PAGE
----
So Lemann continues to paint this as a fight: bloggers v. journalists. He continues to try to define journalists as the professionals, to define the act by the person who performs it (and, implicitly, the training he has) rather than by the act itself. He continues to try to limit journalism to journalists, wanting in his last line for reporters (note, he didn’t say reporting) to move to citizens’ journalism.

I so wish I had seen him instead imagine the possibilities for news when journalists and bloggers join to work together in a network made possible by the internet. I wish he had seen journalism expanded way past the walls of newsrooms and j-schools to gather and share more information for an informed society. I wish he had used his lofty perch to see beyond the horizon to a new future for journalism and the students he — and I — are teaching now.

But no. Pity.


Too many journalists

The accepted wisdom in the news biz is that you can never have too many journalists and that the ad and circ crunch hitting papers will hurt papers by reducing newsroom staff. I’ve been questioning that wisdom here.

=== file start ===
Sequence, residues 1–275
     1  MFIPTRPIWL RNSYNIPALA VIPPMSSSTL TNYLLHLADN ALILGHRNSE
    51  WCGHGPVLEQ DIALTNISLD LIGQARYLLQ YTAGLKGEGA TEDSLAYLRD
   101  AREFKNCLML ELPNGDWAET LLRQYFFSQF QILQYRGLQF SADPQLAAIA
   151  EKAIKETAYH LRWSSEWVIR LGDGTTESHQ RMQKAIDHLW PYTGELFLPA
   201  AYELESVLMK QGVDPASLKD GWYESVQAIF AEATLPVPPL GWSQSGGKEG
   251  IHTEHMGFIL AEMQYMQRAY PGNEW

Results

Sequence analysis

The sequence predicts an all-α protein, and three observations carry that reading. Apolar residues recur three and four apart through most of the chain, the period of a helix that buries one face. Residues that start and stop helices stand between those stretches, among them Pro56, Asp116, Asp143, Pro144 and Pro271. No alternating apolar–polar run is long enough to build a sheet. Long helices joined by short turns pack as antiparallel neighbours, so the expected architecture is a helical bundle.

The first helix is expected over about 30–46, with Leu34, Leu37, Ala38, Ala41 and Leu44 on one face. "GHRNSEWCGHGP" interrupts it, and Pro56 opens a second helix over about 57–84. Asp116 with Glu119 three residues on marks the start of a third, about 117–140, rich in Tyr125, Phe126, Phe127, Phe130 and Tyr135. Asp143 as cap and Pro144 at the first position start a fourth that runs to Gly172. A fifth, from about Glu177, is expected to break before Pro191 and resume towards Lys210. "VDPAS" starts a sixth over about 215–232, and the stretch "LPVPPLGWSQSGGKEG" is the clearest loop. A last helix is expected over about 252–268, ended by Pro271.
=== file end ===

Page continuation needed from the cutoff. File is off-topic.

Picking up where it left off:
But sitting on another darned panel yesterday, Chrystia Freeland, ME of the FT in the US, said it better than I have. We were singing two-party harmony as I wondered why every newspaper needs a movie critic when the movies aren’t local and she questioned the need for the Miami Herald to have its own Moscow bureau — back in the heyday when she was reporting there herself — to get that apparently unique Miami view of the USSR.

Then she said that news is “an industry with a lot of oversupply that is now exposed.” I liked that hard economic talk about the business. It reminds us that we are an industry and need to reexamine our business assumptions like every other industry.

So maybe the problem with journalism today isn’t that there are too few reporters and and editors but too many. I’ve talked before about the foolishness of sending 15,000 reporters to the political conventions, about papers sending TV critics to junkets or golf writers to tournaments. Inside the newsroom, too, there are overwrought processes. Meanwhile, of course, revenue is sinking and staff will follow.